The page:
Monday, July 6, 2009

Does a Pit Bull Type Dog "REALLY" have a 2000 PSI Bite Force?

Last week I was a caller on one of Spider Jones radio shows on CFRB. I knew Spider was doing a show on breed specific legislation, commonly known as "BSL". I had kind of assisted on getting the show on air. Dawne Sweeny, from the DLCC was Spider's "go to person" on the subject and did an outstanding job representing, "The Dog Legislation Council of Canada" and spoke of her twenty years plus "hands on" experiance dealing with dogs and especially pit bull type dogs.

While waiting "for my turn on air" to speak on Canadian fatal dog attacks and hopefully fit in that I have had pit bulls in my life for about 20 years, a woman came on and said she had read many books about dogs and put herself up as a "kind" of expert. Even I was "biting" into her self proclaimed credentials when she did it! Yes, I am talking about spewing off a study about "pit bulls having a bite force of 2000 per square inch (PSI). You've heard it said before and sadly, I've heard it said... way to many times.

Now is this possible?

Firstly there has never been a fully documented completed study on the bite force per square inch of domestic dogs that can be found by credible professors. The statement this woman uttered has been totally unsubstantiated in scientific literature. One domestic dog study was tried but never got past the pilot stage due to the difficulty in getting "accurate" readings from the 22 dogs tested. It was called "Measurement of Bite Force in Dogs: A PILOT STUDY.

So, considering the above, let's compare one of the strongest PSI's ever recorded and do some comparisons. University of Florida zoologist Kent Vliet, has been quoted as saying. "Bite force is linked to the size of the animal" and it sounds like just old "common sense" to me.

Now here is some FACTS.

A alligator named Hercules was clocked at 2,125 PSI. It's bite was compared to a mid-size sedan falling on top of someone. Hercules weighed 665 pounds and was 12 and a 1/2 feet long.
Now to put things into prespective here; an "average" pit bull type dog weighs in around 65 pounds and is normally around 3 to 4 feet long without the tail.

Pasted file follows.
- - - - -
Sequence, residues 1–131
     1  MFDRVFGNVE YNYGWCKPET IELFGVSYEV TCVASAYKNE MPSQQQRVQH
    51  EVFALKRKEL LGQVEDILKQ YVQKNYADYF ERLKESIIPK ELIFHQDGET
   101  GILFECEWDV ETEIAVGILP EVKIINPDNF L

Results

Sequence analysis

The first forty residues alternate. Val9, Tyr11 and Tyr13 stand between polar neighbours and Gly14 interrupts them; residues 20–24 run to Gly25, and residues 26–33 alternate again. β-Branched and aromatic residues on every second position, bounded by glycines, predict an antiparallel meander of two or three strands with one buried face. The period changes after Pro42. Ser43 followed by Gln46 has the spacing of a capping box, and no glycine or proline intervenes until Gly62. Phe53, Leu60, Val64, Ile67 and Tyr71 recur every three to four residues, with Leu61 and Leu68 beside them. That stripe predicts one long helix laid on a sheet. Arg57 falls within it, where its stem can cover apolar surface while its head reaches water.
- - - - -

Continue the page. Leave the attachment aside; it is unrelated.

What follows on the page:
Is anyone paying attention here?

Now let's compare Lions. On average, a male lion can reach 6 to 8 feet long and weighs anywhere from 270 to as high as 500 pounds. It is "estimated" that lions have a average bite force from approximately 600 to 950 PSI. Quick, let's go back to that average pit bull type dog weighing around 65 pounds and being in or around 3 to 4 feet in length. Now, let's put our "thinking caps" on.

Considering the above, how can anyone, with even a quarter of a "working brain", even remotely contrive that a average pit bull type dog's bite is 3000 PSI or even 2000 or even 1000 PSI?


Attached is a video showing three larger canine breeds being tested for bite force. This bite force competition was between a German Shepherd, a Rottweiler and a Pit bull type dog. Each dog was tested twice with the highest of the bite force used. The final results of this particular test will probably amaze many. The shepherd came out with 238 PSI, the rottweiler 328 and the pit bull? It's average was actually the lowest of the three dogs with 235 PSI.

It is really time to dispel the many myths of pit bull bites. ( I'll go into the "locking jaws" myth at another time). Sometimes people just need to use plain good old common sense. Next time you hear someone repeating this myth, force them to really think about what they are saying and use the comparables given.

If we can't educate them, the least we can do is embarress 'em.

Pit Bulls and Locking Jaws! Real or Myth?

I am losing count of the number of times I have heard people say, or sadly repeat, that some dog types have "locking jaws" so decided to go on a fact finding mission to see if animals, any animals, have the ability to lock their jaws.

Onto the internet I go. What comes up? Many links about pit bulls. Being the astute reseacher, I have become, I delve deeper and actually "look" at the links.

Lo and behold, I find not a single credible source documenting pit bull type dogs as having locking jaws. Good thing I learned to "click", as there was a time when I blindly repeated what I was told by others.

I had heard pit bulls had locking jaws and at one time, caught myself going as far as to describe how their skulls were different from "other" dogs. Not a single soul called me out or YEARS, therefore, I babbled on unchecked. God only knows how much damage I did. It seems that stupid really is as stupid does.

Finally getting my act together, I researched skulls of dogs finding there are some slight structual variations from breed to breed. But alas, nothing about pit bull type dogs having "unique" locking jaws. The myths regarding these dogs, can be quite bizarre and are usually perpetulated by media looking to sensationalize for the sake of readership.

Surely their must be ONE animal with jaws that lock? Back to square I go and rummage through different links and sites looking for something credible. One can find the "term" locking jaws but in reality there are NO jaws that have a locking and therefore an unlocking mechanism. If one thinks about it, and if Darwin is to be believed, a animal would have starved while attempting this particular metamorphosis.

However, I did come across this professionial link which is detailed, informative and indeed closer to reality regarding bite force.

Lock jaw however is a reality, does exist and can develop into a serious "condition", called tetanus. Tetanus occurs in any human or animal and can lead to death.